Debate Club

Reducing Spending, Not Taxing Millionaires, Is a Real Solution


President Obama hit the campaign trail with renewed calls for the "Buffett rule" last week. The rule would require millionaires to hand over a minimum 30 percent of their income to the federal government. Although the rule is supposed to increase fairness and raise a lot of revenue to narrow the budget deficit, it appears the Buffett rule is actually a campaign tactic that would accomplish neither of these goals. Instead of focusing on good policy, the president is focused on shifting the debate about the nation's deficit problem from cutting government spending to increasing taxes.

[See a collection of political cartoons on the budget and deficit.]

A millionaire's tax will not solve our fiscal problems—there aren't enough millionaires. According to the Congressional Budget Office, tax rates would have to more than double for everyone, not just "millionaires and billionaires" if we are to close the budget gap with tax increases. According to the Congressional Joint Committee on Taxation, the official authority for tax legislation, the Buffett rule would raise only $47 billion over a decade. Further, using the most recent IRS data shows that even if a 10 percent millionaire surtax were implemented it might increase revenues by only $70 billion. That is a far cry from even the $1.2 trillion deficit we face this year alone.

[Read what the Buffett Rule Gets Wrong.]

President Obama is painting millionaires as the top "1 percent" who avoid paying their fair share. However, with respect to fairness, the tax burden for the top 1 percent as a share of total federal income taxes is near its highest in decades. The top 1 percent pay nearly 40 percent of all federal income taxes, while the bottom 50 percent account for only 3 percent. For the wealthy, that's higher than it was during the Clinton years even after the Clinton tax hikes. To qualify for the top 1 percent requires an income of around $380,000. That's a great salary, but probably not what springs to mind when you hear the term "millionaire."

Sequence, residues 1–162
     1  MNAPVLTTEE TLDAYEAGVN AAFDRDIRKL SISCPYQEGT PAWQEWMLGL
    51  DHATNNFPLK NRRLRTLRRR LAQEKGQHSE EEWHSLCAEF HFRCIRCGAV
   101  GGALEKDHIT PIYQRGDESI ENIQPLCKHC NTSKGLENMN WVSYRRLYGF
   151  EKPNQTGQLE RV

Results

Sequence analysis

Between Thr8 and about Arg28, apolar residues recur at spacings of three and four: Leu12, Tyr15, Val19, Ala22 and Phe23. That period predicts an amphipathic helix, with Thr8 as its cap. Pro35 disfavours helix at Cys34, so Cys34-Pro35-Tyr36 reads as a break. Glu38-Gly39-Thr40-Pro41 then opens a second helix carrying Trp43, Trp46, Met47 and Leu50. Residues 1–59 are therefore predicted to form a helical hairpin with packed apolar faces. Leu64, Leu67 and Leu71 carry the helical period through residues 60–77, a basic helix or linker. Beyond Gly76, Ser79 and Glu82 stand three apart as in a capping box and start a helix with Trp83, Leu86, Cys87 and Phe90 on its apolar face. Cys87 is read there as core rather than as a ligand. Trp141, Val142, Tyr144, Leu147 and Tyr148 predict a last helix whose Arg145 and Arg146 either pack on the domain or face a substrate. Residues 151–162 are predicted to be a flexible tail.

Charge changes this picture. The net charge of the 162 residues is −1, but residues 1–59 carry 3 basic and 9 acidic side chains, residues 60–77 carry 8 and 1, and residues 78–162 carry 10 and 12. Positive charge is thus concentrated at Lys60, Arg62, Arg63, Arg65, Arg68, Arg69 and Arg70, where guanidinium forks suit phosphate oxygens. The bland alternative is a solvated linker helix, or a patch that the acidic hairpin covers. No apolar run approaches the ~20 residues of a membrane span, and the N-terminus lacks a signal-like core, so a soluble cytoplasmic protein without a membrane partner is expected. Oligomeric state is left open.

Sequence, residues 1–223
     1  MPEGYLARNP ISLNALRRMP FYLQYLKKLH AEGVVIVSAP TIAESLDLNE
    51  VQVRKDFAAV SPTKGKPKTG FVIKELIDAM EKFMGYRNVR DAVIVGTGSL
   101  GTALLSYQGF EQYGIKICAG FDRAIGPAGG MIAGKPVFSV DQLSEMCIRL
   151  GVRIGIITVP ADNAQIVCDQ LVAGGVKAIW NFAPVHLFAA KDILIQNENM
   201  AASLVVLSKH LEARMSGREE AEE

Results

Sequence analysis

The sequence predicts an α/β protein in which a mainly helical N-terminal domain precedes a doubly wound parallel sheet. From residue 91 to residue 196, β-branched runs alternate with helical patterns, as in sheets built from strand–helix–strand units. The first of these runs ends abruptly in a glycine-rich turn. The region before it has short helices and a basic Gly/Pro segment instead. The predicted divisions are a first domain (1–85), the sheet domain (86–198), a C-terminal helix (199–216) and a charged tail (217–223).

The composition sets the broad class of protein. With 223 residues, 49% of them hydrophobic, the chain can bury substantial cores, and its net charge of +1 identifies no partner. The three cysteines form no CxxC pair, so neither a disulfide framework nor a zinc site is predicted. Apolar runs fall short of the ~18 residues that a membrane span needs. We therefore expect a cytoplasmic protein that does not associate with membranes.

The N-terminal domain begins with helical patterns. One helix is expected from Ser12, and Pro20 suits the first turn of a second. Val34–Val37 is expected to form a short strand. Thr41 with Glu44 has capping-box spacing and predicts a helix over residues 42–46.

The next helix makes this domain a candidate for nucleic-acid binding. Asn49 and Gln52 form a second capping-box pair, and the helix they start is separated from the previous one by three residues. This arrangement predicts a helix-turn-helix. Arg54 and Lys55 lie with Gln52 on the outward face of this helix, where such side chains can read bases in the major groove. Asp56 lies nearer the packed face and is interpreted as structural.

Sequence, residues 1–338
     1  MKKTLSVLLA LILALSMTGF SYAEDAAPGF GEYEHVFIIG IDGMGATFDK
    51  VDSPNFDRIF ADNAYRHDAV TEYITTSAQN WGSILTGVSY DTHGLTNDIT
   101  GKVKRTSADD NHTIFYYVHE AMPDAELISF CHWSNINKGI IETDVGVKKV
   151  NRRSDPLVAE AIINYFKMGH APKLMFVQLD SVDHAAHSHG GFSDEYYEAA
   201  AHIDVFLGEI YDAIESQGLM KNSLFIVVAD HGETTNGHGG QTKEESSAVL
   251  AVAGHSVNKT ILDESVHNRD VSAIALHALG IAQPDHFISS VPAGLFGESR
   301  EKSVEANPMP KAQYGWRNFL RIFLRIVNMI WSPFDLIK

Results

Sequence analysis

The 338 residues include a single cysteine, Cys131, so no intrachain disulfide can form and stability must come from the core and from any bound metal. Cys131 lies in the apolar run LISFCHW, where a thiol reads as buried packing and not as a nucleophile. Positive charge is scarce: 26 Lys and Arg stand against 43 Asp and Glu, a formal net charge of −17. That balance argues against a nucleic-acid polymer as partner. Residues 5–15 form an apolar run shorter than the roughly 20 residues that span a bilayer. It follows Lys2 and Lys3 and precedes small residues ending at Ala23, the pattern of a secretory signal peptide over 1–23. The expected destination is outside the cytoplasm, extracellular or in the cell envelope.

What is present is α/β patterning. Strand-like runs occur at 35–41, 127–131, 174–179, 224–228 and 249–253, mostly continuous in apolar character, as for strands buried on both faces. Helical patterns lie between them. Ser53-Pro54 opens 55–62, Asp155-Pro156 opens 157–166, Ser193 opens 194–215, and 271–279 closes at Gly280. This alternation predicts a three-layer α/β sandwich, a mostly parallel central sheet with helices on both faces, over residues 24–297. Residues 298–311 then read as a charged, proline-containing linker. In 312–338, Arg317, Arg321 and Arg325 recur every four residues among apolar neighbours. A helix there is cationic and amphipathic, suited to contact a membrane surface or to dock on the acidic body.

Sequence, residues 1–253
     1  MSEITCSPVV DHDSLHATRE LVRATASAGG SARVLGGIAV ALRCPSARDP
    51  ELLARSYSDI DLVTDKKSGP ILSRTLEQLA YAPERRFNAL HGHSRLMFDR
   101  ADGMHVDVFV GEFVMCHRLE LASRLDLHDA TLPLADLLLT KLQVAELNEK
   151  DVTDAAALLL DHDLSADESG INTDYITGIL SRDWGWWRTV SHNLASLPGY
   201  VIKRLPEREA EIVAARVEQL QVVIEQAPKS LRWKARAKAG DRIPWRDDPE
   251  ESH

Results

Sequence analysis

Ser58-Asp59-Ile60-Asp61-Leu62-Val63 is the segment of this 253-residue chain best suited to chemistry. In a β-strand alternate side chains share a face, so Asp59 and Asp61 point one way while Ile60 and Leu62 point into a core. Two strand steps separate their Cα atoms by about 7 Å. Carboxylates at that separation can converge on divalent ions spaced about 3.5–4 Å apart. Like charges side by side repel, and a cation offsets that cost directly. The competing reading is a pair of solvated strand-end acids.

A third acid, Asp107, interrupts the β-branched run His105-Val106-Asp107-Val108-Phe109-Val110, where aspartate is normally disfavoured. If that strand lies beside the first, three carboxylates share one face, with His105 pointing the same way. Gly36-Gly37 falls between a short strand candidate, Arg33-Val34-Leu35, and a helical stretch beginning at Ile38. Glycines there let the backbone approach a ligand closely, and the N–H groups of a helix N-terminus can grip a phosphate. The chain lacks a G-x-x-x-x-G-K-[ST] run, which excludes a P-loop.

What we really need are solutions that decrease the nation's deficit, and the Buffett rule isn't that solution. Instead, we should reduce spending to between 18 and 19 percent of GDP, a level that matches the U.S. long-run average level of taxes collected since World War II. By addressing government spending as the true source of our problem, rather than claiming we can tax the rich as a way out, our nation can get back on the path of fiscal sustainability.

Jason Fichtner

About Jason Fichtner Senior Research Fellow at the Mercatus Center at George Mason University

Buffett, Warren
federal taxes
deficit and national debt

Other Arguments

-4 Pts
The 'Buffett Rule' Moves Us in the Right Direction

Yes – The 'Buffett Rule' Moves Us in the Right Direction

Chuck Collins Senior Scholar at the Institute for Policy Studies

-6 Pts
'Buffett Rule' Not a Serious Response to Budgetary Problems

No – 'Buffett Rule' Not a Serious Response to Budgetary Problems

Alan D. Viard Resident Scholar at the American Enterprise Institute

-14 Pts
The 'Buffett Rule' Is Bogus

No – The 'Buffett Rule' Is Bogus

Andrew Moylan Vice President of Government Affairs for the National Taxpayers Union

-24 Pts
'Buffet Rule' is a Good Start

Yes – 'Buffet Rule' is a Good Start

Isabel Sawhill Senior Fellow at the Brookings Institution

-26 Pts
Tax Dollars and (Common) Sense

Yes – Tax Dollars and (Common) Sense

Tammy Baldwin U.S. Representative

-28 Pts
The 'Buffet Rule' Is a Hypocritical Political Ploy

No – The 'Buffet Rule' Is a Hypocritical Political Ploy

Jonathan Collegio Communications Director for American Crossroads

-36 Pts
We Need a Tax Code That Better Fits the Values of the Country

Yes – We Need a Tax Code That Better Fits the Values of the Country

Chuck Marr Director of Federal Tax Policy at the Center on Budget and Policy Priorities

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